Just to add in a little bit of perspective as far as bang-for-the-buck goes, OP Season 2 was capped off with a $4million OP grant to Velodrome for liquidity incentives (not mad about this, Velodrome and their team is great).

EthGlobal had a recent hackathon in Bogota with a total prize pool of ~$500k USD which included all prizes contributed by technology sponsors. That hackathon brought together 900 hackers and 212 project submissions.

With the funds from that one liquidity incentive grant, we could have funded 10 massive hackathons.

By scaling back the prize pool to $100k, we could have used those funds to run 50 individual hackathons. That’s one hackathon with a juicy $100K prize pool for every single weekend of an entire year.

Extrapolating numbers, that could have brought 9,000 developers and 2,000+ new projects to Optimism.

Other Competitions

Competitions don’t have to be just hackathons either. Here are some ideas for the many types of competitions that Optimism could run in order to make the ecosystem more valuable:
  • Hackathons

    • Public goods
    • ZK-dapps
    • Bedrock Hacks
    • DeFi
    • Tooling
    • NFT
  • Social/awareness

    • Most viral optimism-themed TikTok
    • Meme competitions
    • Best Optimism Rap competition
  • Business Dev

    • Business plan competition
    • “Build a business” competition
      • Cross between hackathon & incubator
    • Interactive NFT competition
  • Education/onboarding

    • Best educational “what is optimism” video
    • Best Optimism coding tutorial
    • Best “getting started with optimism” tutorial

All of these competitions can be directly tailored to directly increase the value of the optimism ecosystem for the long term, accelerating our flywheel and moving us closer to the optimistic vision.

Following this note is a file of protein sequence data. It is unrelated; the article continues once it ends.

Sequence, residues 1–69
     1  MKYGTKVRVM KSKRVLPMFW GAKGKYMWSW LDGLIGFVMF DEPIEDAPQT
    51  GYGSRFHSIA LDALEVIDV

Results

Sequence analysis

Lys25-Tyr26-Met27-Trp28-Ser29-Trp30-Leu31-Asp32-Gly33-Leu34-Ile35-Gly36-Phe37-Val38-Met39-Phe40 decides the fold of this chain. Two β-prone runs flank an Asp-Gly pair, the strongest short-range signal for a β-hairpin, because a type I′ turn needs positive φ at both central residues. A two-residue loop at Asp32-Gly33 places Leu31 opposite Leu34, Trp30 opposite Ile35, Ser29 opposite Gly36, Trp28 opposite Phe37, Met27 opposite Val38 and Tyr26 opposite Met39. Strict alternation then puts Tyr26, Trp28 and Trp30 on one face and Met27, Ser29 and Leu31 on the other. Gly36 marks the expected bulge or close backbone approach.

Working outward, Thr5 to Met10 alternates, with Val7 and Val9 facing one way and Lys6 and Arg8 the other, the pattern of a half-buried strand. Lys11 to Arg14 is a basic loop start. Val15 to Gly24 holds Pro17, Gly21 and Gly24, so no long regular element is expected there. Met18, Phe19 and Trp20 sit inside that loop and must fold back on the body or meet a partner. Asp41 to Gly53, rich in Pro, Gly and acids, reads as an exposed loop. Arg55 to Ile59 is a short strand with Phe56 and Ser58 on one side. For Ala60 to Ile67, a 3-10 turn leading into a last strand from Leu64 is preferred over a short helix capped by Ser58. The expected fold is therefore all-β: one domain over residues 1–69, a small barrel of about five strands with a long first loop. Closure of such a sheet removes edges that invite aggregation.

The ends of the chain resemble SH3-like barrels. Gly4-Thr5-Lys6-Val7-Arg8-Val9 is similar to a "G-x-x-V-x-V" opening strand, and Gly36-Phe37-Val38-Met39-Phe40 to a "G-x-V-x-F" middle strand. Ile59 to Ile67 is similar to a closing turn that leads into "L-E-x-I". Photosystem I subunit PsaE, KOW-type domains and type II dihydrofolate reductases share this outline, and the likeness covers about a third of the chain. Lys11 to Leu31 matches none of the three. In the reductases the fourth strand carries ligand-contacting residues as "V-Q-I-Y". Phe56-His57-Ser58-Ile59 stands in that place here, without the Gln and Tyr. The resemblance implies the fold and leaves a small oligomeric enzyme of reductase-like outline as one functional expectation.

While the OP Foundation might host their own competitions, I think the option should be open for community members or community governance to run it’s own. The design space is really large for these, and funding multiple attempts might be a good idea until we find what is most effective.

If you made it this far, thank you for taking the time to read. I’ll leave you with a few open questions that might be useful topics of discussion:

  • How would a community-run competition work?
  • Could anyone apply to create and host a competition?
  • Would these organizers be compensated for their work?
  • How do we prevent the gaming of the system (i.e. hosting a sham competition and pocketing the prizes)?
  • What kinds of competitions would you most like to see?

Stay Optimistic,
-Michael :heart: :sparkles:


[quote=“Michael, post:1, topic:4318”]

  • Hackathons

  • Social/awareness

  • Business Dev

  • Education/onboarding

I think this is a really great idea! Competitions especially within the educational category would increase the quantity and more importantly the quality of the Optimism related content out there. Which I believe fills quite a large gap. The network is growing so fast with so many new products being developed, the educational content to go along with those products tends to lag.

My suggestion would be to start small and iterate. Maybe start with a trusted sub-set of OP community members to run these competitions. I think a great place to start would be with Optimism Ambassadors maybe? They are out there and plugged in so know what competitions may be of the most value and can really get the word out.